I’m sure by now you’ve heard of Clubhouse - the latest and greatest of social media networks. It gained its popularity toward the end of 2020 when the word got out about its existence, and its exclusivity to iPhone users and membership by invite only made it an app that everyone was trying to be a part of. Just last month, Clubhouse opened its reign to Android users all while failing to seek protection in its intellectual property.
Apparently, the owners failed to perform one of the basic steps in starting and launching a new business – having a business name search conducted and securing a federally registered trademark. Chances are if they had, they wouldn’t have found themselves in the predicament that they are currently facing, which is a trademark infringement lawsuit.
SBS Consulting Group filed a complaint alleging infringement upon their trademark for “TheClubhouse”, which is a social networking site for professionals in the sports business industry. Plaintiffs are seeking both legal and equitable remedies – meaning money and an injunction from further use.
Although SBS Consulting Group’s social networking app is limited to the sports business realm, the Clubhouse app is all encompassing and includes groups and topics that overlap with plaintiffs. The people want to know – is this a viable claim? Clubhouse owners wouldn’t be the first fast grossing company that was the target of lawsuits, but let’s look at the facts here:
- SBS launched its theClubhouse site in November 2018
- SBS sought trademark registration in May 2019 and the trademark was granted December 2019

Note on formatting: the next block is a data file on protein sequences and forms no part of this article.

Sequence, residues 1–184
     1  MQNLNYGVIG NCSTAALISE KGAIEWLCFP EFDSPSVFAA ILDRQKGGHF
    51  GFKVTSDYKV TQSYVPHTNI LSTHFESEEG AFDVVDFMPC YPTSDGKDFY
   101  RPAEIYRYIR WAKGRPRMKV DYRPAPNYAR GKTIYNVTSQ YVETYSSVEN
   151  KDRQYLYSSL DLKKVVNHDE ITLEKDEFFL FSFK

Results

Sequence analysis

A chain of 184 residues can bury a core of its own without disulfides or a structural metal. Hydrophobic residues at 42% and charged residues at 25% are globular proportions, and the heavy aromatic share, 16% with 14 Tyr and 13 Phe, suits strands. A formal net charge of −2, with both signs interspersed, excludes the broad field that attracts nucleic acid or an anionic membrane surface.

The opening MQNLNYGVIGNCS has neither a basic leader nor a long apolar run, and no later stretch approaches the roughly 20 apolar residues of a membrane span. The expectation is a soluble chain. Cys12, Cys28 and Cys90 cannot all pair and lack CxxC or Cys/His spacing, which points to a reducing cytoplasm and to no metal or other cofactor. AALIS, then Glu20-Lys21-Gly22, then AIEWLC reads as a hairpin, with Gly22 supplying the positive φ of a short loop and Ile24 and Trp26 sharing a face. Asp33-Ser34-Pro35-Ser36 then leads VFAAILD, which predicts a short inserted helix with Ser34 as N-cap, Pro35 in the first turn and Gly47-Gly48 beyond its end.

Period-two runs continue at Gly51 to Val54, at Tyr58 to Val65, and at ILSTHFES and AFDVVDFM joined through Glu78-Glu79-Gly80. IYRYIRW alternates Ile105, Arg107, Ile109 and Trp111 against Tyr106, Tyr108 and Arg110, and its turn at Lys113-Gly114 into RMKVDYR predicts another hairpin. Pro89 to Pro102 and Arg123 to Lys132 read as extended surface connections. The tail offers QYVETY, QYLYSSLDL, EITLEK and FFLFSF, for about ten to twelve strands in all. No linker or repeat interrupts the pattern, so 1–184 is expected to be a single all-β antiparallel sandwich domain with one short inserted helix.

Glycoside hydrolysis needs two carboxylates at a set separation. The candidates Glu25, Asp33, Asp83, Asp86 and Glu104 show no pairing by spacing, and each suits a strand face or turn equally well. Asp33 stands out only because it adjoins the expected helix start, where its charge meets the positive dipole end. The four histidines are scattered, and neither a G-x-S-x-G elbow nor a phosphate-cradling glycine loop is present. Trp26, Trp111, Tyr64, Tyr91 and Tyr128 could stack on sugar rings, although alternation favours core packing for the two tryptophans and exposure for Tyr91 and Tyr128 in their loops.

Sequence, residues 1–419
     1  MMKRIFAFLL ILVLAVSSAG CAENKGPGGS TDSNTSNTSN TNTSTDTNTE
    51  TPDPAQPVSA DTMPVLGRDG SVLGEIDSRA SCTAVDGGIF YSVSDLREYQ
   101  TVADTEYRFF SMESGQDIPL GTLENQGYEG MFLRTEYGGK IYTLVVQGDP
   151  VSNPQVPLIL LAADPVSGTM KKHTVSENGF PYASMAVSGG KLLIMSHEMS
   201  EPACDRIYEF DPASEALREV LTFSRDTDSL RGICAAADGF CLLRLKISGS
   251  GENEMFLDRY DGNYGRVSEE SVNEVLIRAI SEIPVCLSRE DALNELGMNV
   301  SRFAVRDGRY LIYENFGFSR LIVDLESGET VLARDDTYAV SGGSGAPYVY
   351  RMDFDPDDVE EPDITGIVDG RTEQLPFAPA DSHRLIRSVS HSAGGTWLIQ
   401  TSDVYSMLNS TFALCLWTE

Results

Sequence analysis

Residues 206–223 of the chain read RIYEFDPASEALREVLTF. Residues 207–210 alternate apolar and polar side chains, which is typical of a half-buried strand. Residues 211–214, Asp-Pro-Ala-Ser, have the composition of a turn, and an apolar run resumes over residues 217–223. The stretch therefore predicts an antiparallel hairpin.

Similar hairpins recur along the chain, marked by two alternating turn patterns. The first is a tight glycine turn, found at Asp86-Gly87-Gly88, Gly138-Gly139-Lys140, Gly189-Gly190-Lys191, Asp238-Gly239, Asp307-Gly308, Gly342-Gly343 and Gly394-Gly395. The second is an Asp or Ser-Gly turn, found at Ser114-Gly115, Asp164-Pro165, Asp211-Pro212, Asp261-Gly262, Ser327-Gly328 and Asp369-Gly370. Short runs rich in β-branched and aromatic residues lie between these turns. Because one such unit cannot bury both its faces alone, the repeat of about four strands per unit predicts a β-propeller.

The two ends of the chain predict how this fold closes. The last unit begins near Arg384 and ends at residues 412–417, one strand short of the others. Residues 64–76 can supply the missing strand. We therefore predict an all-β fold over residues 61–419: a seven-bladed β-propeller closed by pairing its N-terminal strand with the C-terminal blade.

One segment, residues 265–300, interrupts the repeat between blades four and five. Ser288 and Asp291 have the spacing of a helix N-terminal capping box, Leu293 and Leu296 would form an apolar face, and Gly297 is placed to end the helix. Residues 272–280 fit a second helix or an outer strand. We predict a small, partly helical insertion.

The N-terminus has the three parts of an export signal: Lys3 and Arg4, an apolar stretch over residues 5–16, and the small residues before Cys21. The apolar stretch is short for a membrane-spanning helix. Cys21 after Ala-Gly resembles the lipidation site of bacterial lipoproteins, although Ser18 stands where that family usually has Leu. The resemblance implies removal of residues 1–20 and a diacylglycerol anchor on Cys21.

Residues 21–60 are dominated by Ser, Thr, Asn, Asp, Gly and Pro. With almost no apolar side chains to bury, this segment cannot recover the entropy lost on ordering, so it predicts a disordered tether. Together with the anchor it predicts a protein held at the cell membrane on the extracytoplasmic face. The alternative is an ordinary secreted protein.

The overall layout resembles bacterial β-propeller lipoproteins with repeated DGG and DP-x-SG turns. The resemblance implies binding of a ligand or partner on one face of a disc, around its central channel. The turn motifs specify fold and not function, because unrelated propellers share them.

- Clubhouse initially launched in April 2020, almost a year after SBS sought registration and a year and a half after theClubhouse launched its site
Based on these facts, Clubhouse was the second to market and still has not sought any state of federal trademark registration. SBS’s main premise of its suit is based on reverse confusion, which is when a smaller company obtains federal protection but is out shadowed by a second and bigger competitor. The bigger competitor essentially floods the marketplace with its brand recognition and essentially deprives the trademark owner from exploiting its mark and growing its brand. SBS alleges Clubhouse owners were willful infringers meaning they were aware of plaintiff’s brand and ran with it anyway, but there has been no evidence to substantiate that fact yet.
But is there an actual likelihood of confusion between the 2 social networking sites? The main premise of trademark infringement is whether there is a likelihood of confusion present whereby consumers mistakenly think that the origin of goods come from the same source. Are people likely to believe that the owners of “theClubhouse” are also that of “Clubhouse”? Will the buying public be duped into subscribing to “theClubhouse” when they really meant to sign up for “Clubhouse” or vice versa?
Also, in analyzing likelihood of confusion issues, courts look at the terms and just how common they are. Clubhouse is a widely used term in registered marks and may be given less protection. I mean if you think about it – what is a clubhouse? A place where people meet for socializing or recreation. In the digital era, most socializing happens to be done online. One thing the trademark law is clear on is that while it provides exclusivity to brand owners for their marks, it will not provide exclusive protection for marks where business owners in the same or similar industries will need to use the same or similar terms when marketing their products or services.
While the trademark laws are set in stone, the application of those rules is very fact specific and is decided on a case-by-case basis, so it’s hard to tell whether SBS’s reverse confusion claim is viable or if Clubhouse is a valid non-infringing use of its own mark. SBS may have gone into this looking for a payday and might end up having their trademark invalidated. Or, Clubhouse may have to rebrand altogether. Time will tell...